Saturday, July 5, 2008

The Thin Red Line

The Thin Red Line; war drama, USA/ Canada, 1998; D: Terrence Malick, S: Sean Penn, Elias Kotes, Nick Nolte, Jim Caviezel, Adrien Brody, Jared Leto, Ben Chaplin, John Cusack, Woody Harrelson, John C. Reilly, John Travolta, Miranda Otto, Nick Stahl, George Clooney

World War II. Private Witt gets forcefully drafted by Sergeant Welsh. They are in a US division under charge of Colonel Tall and get the assignment to attack the island Guadalcanal which is controlled by the Japanese army. During the attack the leader of the division, Staros, refuses to attack directly since it would be suicidal. After a lot of casualties, they manage to take over the position. Witt and many others die.

20 years after his last film, melodrama "Days of Heaven" from '78, elusive director Terrence Malick returned from his public absence and shot his third film, unusual (anti) war drama "The Thin Red Line" that was nominated for 7 Oscars, including best picture and director, while it won the New York Film Critics Circle Award for best director. And while that same year a similar war film was more noticed, Spielberg's "Saving Private Ryan", that neatly served all of its messages on a silver plate, "Line" has a much more esoteric and mysterious line, a cryptic thread that philosophizes and makes the viewer gain his or her own conclusions. The whole story is surprisingly humane and emotional whereas it follows the intimate thoughts of its characters: for instance, while Colonel Tall (Nolte) talks with his superior on a war ship, he thinks: "Maybe I shouldn't have spent my whole life on war, but on love". When one US soldier shoots a Japanese one, he is terrified and thinks: "I killed a man. That's worse than rape". All actors are great, from Sean Penn up to John Cusack, but besides that, the film is filled with dreamy images that define the notion of poetry in full sense of the word, like in the scene where the soldiers are fighting and firing bursts in nature while a helpless, just hatched little bird is crawling through its nest. "Line" is a shining film with small flaws (the overstretched ending) in which names of the characters and linear story are not important: it's like a dream we cannot remember that precisely after we wake up, but a one which leaves a very pleasant feeling.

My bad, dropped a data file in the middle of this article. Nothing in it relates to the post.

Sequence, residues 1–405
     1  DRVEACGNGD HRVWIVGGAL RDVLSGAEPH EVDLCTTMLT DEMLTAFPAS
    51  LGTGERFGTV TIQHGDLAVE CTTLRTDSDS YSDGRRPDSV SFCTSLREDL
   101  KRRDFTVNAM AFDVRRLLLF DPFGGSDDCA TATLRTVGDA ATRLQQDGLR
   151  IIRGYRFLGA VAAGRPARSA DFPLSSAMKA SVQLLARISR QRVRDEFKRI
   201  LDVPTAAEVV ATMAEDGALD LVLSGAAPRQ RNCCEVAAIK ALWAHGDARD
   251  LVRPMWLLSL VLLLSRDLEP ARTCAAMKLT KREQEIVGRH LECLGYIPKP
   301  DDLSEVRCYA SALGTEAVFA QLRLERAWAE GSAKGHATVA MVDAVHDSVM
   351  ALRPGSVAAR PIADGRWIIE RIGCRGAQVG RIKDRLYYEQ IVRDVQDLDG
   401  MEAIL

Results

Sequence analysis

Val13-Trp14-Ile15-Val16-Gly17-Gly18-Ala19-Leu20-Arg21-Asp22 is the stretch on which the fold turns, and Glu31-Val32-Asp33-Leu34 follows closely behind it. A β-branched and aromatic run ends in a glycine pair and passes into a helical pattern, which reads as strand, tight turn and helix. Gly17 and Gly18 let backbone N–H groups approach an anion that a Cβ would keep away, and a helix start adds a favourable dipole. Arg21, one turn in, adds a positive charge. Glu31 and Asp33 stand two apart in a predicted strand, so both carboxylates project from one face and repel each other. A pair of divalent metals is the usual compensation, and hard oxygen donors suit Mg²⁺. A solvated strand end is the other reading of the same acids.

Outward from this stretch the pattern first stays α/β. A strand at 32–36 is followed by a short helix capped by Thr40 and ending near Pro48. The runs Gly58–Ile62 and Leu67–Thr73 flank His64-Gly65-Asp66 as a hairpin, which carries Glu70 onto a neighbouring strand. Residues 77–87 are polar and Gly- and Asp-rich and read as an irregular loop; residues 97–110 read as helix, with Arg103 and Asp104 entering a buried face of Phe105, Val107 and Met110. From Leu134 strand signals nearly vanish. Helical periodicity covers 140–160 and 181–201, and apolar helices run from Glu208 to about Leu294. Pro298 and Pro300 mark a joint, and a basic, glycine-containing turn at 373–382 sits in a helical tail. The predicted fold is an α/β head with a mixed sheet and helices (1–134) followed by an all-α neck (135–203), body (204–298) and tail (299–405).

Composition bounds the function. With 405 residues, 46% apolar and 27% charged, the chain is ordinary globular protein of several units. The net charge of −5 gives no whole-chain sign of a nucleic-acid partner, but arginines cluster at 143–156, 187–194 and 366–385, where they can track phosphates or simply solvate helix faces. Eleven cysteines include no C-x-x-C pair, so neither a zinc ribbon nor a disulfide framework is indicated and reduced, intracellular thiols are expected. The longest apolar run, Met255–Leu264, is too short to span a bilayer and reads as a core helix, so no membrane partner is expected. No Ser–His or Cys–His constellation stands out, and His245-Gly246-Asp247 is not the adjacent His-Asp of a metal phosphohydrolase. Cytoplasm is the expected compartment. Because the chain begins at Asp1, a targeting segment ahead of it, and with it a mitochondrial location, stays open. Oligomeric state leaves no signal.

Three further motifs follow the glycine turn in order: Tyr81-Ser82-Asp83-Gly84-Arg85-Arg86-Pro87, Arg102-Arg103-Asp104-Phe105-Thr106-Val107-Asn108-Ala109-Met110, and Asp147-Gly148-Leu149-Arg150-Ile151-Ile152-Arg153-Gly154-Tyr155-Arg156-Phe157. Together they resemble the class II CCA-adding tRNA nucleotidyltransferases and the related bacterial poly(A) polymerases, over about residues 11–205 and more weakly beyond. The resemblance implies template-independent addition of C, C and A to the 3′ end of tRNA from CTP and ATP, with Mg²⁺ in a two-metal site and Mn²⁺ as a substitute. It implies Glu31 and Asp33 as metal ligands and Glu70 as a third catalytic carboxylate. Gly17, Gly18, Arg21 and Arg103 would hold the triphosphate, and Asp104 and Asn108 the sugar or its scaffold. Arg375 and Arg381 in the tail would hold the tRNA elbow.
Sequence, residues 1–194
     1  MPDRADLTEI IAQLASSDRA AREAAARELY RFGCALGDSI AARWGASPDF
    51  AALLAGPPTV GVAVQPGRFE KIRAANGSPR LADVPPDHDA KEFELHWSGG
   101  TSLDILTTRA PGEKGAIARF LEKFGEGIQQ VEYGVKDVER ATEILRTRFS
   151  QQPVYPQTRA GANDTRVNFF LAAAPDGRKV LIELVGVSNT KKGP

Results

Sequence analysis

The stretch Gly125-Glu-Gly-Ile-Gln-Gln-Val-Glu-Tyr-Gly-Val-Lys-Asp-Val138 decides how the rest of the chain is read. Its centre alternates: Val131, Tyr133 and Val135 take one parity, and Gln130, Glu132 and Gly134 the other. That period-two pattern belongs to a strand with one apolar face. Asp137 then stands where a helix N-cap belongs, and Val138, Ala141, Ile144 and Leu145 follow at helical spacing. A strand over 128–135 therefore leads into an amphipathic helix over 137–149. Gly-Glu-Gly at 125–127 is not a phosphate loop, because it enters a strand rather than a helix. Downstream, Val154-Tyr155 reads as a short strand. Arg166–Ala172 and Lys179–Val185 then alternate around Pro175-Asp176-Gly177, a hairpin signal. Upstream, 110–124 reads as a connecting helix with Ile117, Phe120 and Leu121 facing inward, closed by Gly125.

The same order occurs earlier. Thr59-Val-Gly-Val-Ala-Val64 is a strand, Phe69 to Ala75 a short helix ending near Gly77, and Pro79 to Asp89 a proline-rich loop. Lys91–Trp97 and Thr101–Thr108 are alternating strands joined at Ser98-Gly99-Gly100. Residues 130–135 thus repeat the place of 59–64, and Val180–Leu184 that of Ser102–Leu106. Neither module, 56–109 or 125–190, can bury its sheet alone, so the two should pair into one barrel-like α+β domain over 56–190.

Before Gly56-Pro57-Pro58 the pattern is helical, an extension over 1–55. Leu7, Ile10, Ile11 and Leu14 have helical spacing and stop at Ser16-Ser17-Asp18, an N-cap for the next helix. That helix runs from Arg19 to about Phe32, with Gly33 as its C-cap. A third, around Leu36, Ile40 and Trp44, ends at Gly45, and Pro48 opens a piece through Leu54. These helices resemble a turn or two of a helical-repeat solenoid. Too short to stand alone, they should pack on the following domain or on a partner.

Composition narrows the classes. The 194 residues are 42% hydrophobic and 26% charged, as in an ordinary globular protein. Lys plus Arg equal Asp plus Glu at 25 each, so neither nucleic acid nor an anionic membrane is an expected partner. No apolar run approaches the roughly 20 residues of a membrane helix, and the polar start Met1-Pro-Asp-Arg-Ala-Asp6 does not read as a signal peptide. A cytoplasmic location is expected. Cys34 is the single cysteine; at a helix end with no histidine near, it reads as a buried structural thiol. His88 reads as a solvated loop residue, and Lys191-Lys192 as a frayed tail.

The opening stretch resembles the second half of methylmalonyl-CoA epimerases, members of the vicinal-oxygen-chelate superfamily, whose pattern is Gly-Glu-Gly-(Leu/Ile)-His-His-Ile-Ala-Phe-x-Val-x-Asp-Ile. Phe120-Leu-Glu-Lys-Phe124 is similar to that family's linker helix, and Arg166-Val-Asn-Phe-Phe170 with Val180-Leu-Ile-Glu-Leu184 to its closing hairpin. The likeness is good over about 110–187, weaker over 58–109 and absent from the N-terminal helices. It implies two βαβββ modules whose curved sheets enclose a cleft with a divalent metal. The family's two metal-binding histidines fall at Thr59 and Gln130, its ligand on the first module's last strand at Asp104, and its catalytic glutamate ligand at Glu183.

No comments: